Cleaning Up

There is still a substantial amount of rice fried onto the bottom of the wok, crusty and irresistible. I hold the pan in my hands and lean back against the worktop. The kitchen is small and cold. I look out of the window above the sink and across the nearby rooftops. I look down into the pan, at the rice. It looks like all the flavour of the meal – egg fried rice – has reduced, been condensed, into that thin, uneven residue. I pick at it, peeling the stuff away from the black pan in small scabs, flakes of crispy rice and chilli and lemongrass. It tastes delicious. I raise the wok to my face and lick at it with my tongue, but my saliva dribbles down, and follows the curved side of the pan to run down my neck. I tuirn around and put the pan flat on the worktop. I bend down and lick at it in this position, the stability of the worktop meaning that I can really exert some pressure. My tongue works at the congealed remnants and as it does so I can feel it lengthening and hardening and developing a sharp, knife-like edge. It starts to make a scraping sound and the rice comes away more easily. I start to taste the metal of the pan, and can feel black specks of burnt food – I know they’re black without seeing them – all over the inside of my mouth. The pan falls onto the floor and I follow it, getting down on all fours, pushing it around the linoleum. My tongue is nearly half as long as my arm now, and thick and round and strong, and black. It makes a metallic sound as it clangs against the wok.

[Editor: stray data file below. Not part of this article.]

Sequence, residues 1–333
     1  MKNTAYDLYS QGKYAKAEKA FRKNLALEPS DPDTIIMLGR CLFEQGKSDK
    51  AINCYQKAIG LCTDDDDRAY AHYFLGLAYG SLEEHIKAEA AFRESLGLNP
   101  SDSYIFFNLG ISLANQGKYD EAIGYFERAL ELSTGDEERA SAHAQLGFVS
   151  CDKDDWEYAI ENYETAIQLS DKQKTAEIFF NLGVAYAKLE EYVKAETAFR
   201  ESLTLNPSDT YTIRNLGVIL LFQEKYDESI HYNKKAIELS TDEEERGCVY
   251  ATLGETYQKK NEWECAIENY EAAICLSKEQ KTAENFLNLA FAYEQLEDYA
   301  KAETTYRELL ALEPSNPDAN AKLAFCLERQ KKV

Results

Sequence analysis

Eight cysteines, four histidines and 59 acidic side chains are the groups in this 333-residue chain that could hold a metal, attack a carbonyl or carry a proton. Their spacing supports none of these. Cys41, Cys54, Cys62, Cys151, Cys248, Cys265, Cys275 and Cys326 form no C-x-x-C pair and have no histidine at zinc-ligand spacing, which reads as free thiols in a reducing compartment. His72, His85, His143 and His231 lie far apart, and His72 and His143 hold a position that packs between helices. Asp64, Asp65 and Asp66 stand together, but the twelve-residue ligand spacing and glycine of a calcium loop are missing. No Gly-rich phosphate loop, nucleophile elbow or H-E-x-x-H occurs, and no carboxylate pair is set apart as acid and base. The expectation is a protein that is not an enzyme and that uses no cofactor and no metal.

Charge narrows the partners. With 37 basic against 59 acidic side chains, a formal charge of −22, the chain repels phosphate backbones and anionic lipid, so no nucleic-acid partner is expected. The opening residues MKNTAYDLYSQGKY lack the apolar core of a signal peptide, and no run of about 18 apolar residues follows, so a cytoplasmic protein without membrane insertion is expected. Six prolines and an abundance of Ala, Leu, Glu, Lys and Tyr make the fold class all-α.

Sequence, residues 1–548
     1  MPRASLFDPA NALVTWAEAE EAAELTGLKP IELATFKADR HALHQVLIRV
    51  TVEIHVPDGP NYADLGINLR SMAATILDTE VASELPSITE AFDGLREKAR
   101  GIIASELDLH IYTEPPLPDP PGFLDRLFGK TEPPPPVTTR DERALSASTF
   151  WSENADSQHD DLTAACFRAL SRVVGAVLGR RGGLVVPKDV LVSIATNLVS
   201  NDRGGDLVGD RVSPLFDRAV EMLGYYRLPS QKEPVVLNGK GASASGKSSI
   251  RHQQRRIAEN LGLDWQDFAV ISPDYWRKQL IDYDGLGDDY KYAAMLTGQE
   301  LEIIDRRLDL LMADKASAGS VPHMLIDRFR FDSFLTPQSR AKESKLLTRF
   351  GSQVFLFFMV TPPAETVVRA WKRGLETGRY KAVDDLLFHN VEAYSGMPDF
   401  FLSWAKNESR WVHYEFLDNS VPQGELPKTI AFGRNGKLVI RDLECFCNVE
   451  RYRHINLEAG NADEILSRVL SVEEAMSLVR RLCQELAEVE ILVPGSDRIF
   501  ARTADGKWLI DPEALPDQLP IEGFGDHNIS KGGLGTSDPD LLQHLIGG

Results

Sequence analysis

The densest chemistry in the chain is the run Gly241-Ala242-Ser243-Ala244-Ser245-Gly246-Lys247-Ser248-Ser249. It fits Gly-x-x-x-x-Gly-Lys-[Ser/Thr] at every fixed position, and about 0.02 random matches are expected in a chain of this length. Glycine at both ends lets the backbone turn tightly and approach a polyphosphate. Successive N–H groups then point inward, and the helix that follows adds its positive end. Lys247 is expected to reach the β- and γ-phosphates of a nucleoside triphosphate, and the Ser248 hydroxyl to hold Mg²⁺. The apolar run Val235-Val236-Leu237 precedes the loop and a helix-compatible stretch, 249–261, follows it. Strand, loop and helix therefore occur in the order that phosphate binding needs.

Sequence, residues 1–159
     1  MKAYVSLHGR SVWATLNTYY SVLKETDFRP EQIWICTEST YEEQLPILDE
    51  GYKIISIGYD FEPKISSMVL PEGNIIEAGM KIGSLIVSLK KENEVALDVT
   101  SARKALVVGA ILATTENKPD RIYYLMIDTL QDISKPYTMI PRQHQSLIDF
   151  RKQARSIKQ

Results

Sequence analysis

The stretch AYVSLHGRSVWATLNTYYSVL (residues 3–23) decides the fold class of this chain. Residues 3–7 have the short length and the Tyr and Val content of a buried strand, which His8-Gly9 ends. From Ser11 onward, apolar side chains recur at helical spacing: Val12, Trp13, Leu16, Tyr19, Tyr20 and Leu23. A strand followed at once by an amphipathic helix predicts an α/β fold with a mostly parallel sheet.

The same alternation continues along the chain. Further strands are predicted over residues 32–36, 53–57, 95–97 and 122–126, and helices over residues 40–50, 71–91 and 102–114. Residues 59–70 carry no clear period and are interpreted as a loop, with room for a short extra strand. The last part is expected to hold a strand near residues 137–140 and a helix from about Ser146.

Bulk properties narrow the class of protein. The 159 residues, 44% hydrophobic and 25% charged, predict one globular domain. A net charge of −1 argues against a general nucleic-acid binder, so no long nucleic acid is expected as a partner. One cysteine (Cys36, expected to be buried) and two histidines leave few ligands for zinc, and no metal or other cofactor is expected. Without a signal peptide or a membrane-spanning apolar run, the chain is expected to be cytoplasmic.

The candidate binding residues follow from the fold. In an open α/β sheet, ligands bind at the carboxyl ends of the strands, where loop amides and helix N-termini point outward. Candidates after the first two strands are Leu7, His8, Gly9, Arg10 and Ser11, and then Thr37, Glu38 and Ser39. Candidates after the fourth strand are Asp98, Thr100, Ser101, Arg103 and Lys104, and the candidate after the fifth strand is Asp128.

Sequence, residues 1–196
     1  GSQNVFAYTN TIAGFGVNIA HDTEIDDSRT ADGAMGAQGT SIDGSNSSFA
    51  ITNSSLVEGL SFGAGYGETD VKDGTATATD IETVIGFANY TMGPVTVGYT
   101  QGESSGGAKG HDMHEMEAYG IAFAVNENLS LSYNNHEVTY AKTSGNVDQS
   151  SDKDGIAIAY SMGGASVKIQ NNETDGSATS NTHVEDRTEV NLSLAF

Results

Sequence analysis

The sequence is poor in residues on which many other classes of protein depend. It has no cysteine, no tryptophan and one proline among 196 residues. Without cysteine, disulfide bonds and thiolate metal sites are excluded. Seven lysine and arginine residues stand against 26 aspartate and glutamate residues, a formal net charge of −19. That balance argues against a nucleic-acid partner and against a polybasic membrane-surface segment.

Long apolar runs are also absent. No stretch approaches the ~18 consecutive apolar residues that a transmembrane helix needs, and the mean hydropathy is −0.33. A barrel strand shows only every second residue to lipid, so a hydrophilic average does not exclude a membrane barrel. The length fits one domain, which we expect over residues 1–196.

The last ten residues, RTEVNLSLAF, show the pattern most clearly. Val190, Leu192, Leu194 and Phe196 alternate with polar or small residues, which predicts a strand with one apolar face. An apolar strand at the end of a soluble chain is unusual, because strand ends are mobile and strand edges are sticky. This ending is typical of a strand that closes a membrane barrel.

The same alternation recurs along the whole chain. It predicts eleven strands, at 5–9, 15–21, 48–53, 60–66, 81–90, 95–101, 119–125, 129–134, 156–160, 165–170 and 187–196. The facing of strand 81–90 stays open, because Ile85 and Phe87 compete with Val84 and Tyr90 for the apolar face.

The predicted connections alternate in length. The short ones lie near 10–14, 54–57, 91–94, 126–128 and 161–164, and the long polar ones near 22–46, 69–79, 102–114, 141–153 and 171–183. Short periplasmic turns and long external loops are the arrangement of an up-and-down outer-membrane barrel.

I am excited at the possibilities!


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